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WATCH: Paul Howard on Ross O'Carroll-Kelly, fame and finding inspiration in Kiely's pub

The author’s latest book is out now.

Source: TheJournal.ie/YouTube

ONE OF THE most important places in the character Ross O’Carroll-Kelly’s life is the Donnybrook pub Kiely’s – it’s so special to him that his creator, author Paul Howard, makes sure to mention it multiple times in each book.

So it was only fitting that in order to mark the closing of Kielys, which is up for sale, Howard would hold the launch of his latest Ross book, Dancing With the Tsars, there. 

TheJournal.ie was at the event to interview Howard about all things Ross O’Carroll-Kelly, and along with us were over 100 of our readers and ROCK fans.

After our chat, which you can watch in full above, Howard was thanked by Mary Cremin, Kiely’s co-owner along with her husband Pat, for his support over the years.

Howard explained that Kiely’s was not just dear to him personally, but it also played a pivotal role in the formation of the Ross character and his own early columns for the Sunday Tribune.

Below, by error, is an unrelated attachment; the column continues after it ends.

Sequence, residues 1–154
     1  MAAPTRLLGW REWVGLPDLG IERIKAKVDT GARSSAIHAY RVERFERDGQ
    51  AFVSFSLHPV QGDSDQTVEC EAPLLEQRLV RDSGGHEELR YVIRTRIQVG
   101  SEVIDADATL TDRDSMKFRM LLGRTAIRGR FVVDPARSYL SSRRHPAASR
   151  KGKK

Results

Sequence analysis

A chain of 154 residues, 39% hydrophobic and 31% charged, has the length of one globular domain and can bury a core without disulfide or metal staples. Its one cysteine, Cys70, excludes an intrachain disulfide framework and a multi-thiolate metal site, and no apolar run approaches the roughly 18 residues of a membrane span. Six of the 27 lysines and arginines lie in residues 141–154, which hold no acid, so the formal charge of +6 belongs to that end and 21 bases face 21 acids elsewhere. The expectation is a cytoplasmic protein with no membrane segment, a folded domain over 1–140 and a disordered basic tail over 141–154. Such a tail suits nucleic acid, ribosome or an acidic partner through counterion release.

“Before I knew Pat and Mary personally, I used to come here on a Thursday night – my column always had to be filed to the Tribune for the Friday morning, and if I had no idea what I was going to write about I’d just come in and sit at the bar,” he told us.

I met Maeve Binchy when I was about 14 and she said to me, if you want to be a writer you have to be a good listener, and her modus operandi was when she researched she would get on the number eight bus in Dalkey or get on the Dart and earwig conversations. And I did my earwigging over there at the bar, and there were so many Ross storylines were born out of real conversations that I overheard in this pub.

He said that, like in soap operas, the pub plays a big role in the Ross books as it’s where pivotal events occur. “When something big has to happen, when there’s that Eastenders moment, it always happens in the pub,” said Howard.

“I have that thing when I write scenes when I have some big revelation that has to come out – like for instance Oisinn Ross’s friend came out as gay in the right book; Ross has become a father in this pub, not become a father in this pub but he’s discovered he’s going to be a father in this pub – all of these big moments, I always situate them here.”

Howard’s latest book is due to be No 1 in this weekend’s book charts – proving that after 18 years, there’s still a lot of love there for the South Dublin goy.

Dancing With the Tsars by Paul Howard, published by Penguin Ireland, is out now.

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